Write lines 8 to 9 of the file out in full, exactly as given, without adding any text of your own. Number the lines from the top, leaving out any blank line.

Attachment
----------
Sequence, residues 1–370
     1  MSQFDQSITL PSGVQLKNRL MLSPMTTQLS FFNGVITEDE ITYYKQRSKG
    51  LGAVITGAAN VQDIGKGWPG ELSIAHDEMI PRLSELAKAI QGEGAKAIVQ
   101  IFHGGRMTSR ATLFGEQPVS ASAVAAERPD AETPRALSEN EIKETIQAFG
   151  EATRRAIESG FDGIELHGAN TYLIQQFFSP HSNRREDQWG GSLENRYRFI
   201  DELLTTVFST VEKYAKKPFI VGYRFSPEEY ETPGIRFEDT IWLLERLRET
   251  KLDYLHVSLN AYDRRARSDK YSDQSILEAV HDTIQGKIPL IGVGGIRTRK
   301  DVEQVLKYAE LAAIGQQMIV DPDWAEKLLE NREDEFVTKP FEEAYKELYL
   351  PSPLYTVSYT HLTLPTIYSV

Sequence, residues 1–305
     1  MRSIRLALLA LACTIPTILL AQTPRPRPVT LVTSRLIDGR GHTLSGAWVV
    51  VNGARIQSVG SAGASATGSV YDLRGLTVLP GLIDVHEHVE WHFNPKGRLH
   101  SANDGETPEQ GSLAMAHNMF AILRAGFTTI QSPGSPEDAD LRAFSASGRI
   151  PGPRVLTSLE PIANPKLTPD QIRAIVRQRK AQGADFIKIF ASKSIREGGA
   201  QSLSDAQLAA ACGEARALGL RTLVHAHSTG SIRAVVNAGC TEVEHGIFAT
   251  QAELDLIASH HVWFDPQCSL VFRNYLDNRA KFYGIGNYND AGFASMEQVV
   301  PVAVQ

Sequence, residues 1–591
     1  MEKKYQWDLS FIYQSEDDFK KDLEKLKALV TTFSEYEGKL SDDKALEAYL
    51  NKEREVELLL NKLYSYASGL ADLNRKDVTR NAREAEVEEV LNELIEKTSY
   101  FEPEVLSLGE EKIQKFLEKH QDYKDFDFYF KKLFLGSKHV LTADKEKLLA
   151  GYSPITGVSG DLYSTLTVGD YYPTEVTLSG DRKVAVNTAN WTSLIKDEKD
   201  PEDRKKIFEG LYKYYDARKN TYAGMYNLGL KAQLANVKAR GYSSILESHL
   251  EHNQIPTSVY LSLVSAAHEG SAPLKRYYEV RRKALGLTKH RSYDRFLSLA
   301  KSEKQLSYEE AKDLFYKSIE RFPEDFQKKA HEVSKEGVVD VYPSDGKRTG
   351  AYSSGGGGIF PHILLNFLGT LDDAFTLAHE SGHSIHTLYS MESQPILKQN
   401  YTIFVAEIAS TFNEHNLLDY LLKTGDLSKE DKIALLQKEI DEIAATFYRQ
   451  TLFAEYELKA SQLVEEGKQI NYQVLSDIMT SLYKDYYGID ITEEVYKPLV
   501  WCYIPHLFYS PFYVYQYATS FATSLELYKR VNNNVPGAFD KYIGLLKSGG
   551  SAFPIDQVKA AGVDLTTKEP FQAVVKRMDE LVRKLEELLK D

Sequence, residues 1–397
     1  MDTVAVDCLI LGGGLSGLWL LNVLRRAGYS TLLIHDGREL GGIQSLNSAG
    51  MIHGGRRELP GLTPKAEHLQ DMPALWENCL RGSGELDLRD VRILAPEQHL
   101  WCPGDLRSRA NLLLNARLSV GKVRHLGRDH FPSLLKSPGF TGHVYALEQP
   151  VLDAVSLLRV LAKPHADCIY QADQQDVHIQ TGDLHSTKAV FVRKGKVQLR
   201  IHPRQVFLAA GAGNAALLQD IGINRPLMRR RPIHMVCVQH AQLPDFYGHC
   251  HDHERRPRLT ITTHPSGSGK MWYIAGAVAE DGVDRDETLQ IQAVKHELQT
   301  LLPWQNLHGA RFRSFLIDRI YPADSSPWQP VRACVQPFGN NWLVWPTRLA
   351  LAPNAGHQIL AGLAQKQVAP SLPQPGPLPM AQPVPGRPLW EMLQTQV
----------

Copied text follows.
   301  DVEQVLKYAE LAAIGQQMIV DPDWAEKLLE NREDEFVTKP FEEAYKELYL
   351  PSPLYTVSYT HLTLPTIYSV